Studios love mining as much material as they possibly can from existing properties. Especially ones that have already shown an impressive amount of longevity, including popularity in various mediums. However, Netflix’s Enola Holmes does not merely recycle ideas from the Sherlock Holmes stories; it uses them to establish a new protagonist within the same world. Here, the detective is backgrounded in favor of his teenage sister, a burgeoning sleuth in her own right. Enola was not in the original stories by Sir Arthur Conan Doyle. She was created for a series of YA novels by Nancy Springer. The movie takes on a personality more fitting of that designation, bringing it much closer to a family adventure than a serious mystery (Enola Holmes is based on the first book, 2006’s The Case of the Missing Marquess). It is light and amusing; fun to watch, even if the screenplay doesn’t quite match the cleverness of its title character.
Sixteen-year-old Enola lives with her mother, who has raised her to be able to take care of herself; something seen as most unladylike in Victorian-era London. When her mom goes missing, and oldest brother Mycroft shows up with plans to reform her, Enola runs off to solve the disappearance, with brother Sherlock following her trail.
Though there is murder and intrigue, things never get dark. The tone is generally upbeat and the pace is pretty fast. Enola Holmes jumps from situation to situation with confidence, charm and the inquisitive spirit of her famous brother. That description works for both the character and the movie. She is a strong, independent young woman, at a time when that was considered a negative. She is expected to be subservient to men in order to land a respectable husband, which she needs if she wants to live a comfortable life, but that is not who she is. That concept is weaved throughout the plot, placed like a roadblock that she uses her intelligence to leap over on her way to investigating two different cases.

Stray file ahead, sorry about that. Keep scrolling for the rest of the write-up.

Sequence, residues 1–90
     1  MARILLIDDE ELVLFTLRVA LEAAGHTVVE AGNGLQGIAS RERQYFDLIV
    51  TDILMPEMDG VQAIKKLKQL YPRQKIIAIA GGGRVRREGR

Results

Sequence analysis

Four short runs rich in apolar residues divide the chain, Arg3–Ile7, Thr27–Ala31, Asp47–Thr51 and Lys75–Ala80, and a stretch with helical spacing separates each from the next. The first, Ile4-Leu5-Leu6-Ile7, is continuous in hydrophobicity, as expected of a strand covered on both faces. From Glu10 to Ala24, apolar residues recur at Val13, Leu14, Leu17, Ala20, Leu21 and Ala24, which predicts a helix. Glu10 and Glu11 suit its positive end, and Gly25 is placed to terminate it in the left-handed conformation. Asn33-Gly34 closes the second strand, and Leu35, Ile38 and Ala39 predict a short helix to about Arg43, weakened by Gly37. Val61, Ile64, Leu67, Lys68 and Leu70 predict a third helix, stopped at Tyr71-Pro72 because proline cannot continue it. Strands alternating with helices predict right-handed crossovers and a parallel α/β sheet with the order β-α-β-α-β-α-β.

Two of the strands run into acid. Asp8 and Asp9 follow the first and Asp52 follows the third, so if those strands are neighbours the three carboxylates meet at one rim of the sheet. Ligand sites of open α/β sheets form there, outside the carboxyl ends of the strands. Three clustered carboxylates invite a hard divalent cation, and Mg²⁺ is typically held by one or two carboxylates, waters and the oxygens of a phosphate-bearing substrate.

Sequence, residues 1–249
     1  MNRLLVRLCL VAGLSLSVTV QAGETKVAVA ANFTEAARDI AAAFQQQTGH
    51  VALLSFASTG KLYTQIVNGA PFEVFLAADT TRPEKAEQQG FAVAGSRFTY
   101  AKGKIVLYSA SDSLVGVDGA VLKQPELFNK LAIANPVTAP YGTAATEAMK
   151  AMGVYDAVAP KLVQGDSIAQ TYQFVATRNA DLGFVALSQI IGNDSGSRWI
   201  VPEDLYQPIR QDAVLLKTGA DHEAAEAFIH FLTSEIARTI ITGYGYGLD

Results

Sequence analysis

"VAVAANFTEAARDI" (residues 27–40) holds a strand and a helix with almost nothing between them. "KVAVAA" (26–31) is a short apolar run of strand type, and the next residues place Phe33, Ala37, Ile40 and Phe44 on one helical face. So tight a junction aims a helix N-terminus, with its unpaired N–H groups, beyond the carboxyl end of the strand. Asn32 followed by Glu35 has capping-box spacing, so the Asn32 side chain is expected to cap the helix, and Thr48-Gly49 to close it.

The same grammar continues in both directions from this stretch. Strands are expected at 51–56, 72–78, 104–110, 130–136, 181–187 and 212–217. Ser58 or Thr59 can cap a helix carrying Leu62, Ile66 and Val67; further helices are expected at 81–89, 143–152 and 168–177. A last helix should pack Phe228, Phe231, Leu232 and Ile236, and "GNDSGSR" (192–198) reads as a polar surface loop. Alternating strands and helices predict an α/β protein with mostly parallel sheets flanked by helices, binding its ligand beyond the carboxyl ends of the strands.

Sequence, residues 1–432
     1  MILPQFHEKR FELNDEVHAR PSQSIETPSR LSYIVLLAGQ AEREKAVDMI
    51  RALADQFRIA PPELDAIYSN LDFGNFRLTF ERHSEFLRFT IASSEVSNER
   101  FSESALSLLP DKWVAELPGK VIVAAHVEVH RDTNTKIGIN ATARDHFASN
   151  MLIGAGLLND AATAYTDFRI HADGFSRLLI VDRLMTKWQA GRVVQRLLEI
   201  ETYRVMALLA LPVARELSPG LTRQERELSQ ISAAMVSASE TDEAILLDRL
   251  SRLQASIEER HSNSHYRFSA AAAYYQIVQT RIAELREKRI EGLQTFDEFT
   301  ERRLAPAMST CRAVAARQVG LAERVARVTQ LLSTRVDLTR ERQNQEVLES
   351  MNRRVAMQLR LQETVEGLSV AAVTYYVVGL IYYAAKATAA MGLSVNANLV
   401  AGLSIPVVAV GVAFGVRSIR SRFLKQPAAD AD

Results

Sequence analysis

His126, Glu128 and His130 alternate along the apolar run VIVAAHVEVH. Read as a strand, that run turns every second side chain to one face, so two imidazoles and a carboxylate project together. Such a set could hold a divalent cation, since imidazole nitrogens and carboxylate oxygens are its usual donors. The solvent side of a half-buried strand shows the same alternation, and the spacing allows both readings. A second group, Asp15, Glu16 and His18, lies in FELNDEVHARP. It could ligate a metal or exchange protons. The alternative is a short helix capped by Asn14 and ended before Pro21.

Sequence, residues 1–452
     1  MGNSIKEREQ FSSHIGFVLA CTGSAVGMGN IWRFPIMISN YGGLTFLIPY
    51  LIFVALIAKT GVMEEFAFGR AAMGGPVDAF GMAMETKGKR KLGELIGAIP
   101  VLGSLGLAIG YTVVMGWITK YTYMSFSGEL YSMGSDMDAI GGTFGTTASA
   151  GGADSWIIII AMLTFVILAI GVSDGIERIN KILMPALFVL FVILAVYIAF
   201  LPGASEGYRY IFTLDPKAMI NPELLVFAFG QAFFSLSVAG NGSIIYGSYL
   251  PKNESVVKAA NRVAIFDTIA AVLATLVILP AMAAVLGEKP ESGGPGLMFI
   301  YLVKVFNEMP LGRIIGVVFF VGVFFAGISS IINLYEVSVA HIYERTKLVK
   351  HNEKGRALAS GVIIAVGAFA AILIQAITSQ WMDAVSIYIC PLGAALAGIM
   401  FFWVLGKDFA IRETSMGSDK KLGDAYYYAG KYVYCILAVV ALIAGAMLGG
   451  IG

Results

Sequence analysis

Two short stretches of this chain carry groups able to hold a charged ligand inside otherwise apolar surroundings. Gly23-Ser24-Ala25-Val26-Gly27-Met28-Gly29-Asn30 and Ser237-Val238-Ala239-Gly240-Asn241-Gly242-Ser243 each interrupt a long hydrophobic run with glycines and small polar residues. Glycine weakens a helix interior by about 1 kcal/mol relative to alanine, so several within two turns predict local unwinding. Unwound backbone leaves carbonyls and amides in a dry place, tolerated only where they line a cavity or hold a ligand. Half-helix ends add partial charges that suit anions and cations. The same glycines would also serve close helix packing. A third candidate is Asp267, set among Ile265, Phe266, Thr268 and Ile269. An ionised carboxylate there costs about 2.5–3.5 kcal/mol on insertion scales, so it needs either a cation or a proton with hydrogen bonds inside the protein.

The mysteries are slight, mostly lacking in substance. This is not a true “detective movie,” with suspects and clues and whatnot, so much as it is a light-hearted adventure set in motion by an investigation. What makes this entertaining is its focus on its engaging heroine, due in large part to an enjoyable central performance.
Since Enola Holmes relies primarily on its audience taking to its protagonist, casting was key. The filmmakers chose Millie Bobby Brown, a member of the ensemble of the hit Netflix show Stranger Things. She is very likable here; almost a family-friendly version of Sherlock. She is guarded, honest and usually the smartest person in any room. But she can also be kind and vulnerable. She searches for her mother, not for the game, but because she is worried. She helps out a teenage Lord who wanders into her path because she doesn’t think he can survive on his own. It introduces a little more plot than the movie really needed, yet it is useful because it allows her to display the traits of a hero, instead of just a genius investigator. It also clearly positions this as the beginning of a potential franchise.
Despite there being solid support from Henry Cavill as an amused Sherlock, Sam Claflin as arrogant social-climber Mycroft and Helena Bonham Carter as their mother, the success of this production rests on Millie Bobby Brown’s shoulders. She seems more than capable of being a franchise lead. While I certainly hope future installments (if there are any) have more intriguing cases, this proves that its star doesn’t necessarily need one to provide viewers with a pleasant couple of hours in front of their televisions.
3¼ out of 5
Millie Bobby Brown as Enola Holmes
Henry Cavill as Sherlock Holmes
Sam Claflin as Mycroft Holmes
Louis Partridge as Tewkesbury
Helena Bonham Carter as Eudoria Holmes
Burn Gorman as Linthorn
Frances de la Tour as The Dowager
Adeel Akhtar as Lestrade
Directed by Harry Bradbeer
Screenplay by Jack Thorne